In 1994, after about seven years at NDSU, I was asked to be the NDSU representative on a regional project meant to get campuses better connected with all of the communities we were supposed to be serving. We ended up with a steering committee of 40 people from North Dakota, Minnesota and South Dakota, and this was as diverse a group as you could put together in this region - representatives from the Tribal colleges, land-grant schools, religious leaders, urban leaders, rural leaders, farmers; men, women, people of color. After a couple of years of struggling to make progress during our meetings, the people of color suggested that we needed some anti-racism training to move forward. We really did need the intense experience of talking about racism to help us work together.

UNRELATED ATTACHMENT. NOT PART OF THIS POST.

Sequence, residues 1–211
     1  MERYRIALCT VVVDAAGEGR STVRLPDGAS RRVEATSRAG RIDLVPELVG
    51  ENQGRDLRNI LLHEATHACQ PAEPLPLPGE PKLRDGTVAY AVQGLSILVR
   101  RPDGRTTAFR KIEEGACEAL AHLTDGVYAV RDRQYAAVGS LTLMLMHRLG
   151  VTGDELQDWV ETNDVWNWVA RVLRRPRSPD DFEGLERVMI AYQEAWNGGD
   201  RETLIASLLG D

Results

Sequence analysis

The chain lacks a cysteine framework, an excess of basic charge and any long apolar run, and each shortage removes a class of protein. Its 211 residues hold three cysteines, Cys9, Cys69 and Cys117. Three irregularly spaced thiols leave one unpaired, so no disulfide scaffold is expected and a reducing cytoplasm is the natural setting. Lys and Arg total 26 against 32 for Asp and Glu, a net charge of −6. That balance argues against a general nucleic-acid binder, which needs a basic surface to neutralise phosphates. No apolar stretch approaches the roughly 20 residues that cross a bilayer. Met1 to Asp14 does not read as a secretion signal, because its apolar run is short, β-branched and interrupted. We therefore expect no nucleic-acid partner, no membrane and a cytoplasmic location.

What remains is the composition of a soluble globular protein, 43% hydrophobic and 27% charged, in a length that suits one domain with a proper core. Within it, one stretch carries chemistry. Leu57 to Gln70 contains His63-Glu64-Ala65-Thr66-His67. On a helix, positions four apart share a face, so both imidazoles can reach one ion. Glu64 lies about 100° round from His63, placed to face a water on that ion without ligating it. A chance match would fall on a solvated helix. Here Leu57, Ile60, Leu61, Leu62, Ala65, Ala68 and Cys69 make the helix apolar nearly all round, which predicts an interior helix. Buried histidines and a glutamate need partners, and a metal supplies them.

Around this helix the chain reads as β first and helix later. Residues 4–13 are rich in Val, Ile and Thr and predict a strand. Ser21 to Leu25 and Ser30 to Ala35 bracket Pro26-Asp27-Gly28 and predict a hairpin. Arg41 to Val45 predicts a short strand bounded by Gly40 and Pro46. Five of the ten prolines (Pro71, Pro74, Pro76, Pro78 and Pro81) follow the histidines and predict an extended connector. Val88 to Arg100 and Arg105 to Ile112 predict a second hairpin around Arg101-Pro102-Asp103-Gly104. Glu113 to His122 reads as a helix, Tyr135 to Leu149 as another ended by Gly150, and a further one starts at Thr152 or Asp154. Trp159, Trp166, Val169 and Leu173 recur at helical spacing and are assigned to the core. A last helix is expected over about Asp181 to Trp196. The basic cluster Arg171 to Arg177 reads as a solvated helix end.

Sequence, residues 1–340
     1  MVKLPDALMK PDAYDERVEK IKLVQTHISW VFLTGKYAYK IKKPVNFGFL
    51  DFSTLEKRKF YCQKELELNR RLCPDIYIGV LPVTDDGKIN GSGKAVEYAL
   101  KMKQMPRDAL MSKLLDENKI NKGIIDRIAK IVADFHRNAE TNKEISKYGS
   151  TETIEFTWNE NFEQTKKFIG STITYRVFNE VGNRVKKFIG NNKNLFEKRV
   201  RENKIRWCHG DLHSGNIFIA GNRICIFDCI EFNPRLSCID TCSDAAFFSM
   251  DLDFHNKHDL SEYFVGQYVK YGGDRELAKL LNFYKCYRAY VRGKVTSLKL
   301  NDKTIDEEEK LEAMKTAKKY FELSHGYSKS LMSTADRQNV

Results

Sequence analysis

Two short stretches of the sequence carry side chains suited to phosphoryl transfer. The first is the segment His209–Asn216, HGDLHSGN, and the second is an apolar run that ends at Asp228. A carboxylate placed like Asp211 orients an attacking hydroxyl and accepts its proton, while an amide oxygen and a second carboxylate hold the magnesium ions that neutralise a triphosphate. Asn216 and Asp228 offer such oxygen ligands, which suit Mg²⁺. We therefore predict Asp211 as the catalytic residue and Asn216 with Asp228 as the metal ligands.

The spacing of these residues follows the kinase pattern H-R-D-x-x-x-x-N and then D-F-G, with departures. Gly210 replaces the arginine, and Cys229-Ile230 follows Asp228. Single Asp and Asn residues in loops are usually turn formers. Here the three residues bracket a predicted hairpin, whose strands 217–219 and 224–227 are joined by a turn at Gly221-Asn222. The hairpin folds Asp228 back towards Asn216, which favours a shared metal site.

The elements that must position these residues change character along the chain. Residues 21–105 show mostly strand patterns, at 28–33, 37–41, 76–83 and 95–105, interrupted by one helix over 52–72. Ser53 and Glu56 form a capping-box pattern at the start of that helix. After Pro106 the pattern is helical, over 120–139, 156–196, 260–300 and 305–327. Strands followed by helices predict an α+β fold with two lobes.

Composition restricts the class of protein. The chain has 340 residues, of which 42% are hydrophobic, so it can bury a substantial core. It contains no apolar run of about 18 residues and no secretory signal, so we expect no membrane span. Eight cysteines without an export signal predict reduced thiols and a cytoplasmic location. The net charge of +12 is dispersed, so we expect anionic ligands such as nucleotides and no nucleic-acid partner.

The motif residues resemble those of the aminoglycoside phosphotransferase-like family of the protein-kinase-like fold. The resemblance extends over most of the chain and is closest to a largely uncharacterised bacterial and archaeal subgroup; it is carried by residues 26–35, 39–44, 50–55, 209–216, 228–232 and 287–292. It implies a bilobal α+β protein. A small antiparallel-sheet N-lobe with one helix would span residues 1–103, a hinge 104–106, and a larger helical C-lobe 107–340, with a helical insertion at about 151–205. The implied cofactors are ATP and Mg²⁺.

It was during this three-day training session that I first heard many of the concepts that we use today in our anti-racism training. I found out that talking about racism is very difficult for white people. We find all sorts of ways to try to direct the conversation in other directions: for example, "what about sexism, heterosexism, ableism?" "I'm not a racist, I just see a person." We might get angry, defensive, sad, and we might feel guilty, but we will always be uncomfortable if we are really open to hearing what is being said. I experienced all of those feelings. At times I still do - this is very challenging work. But the lesson we learned, I learned, was that we worked together much better after this experience, we were open to each other's ideas whether we agreed or not, and we were able to move beyond typical meeting behavior and really interact with each other.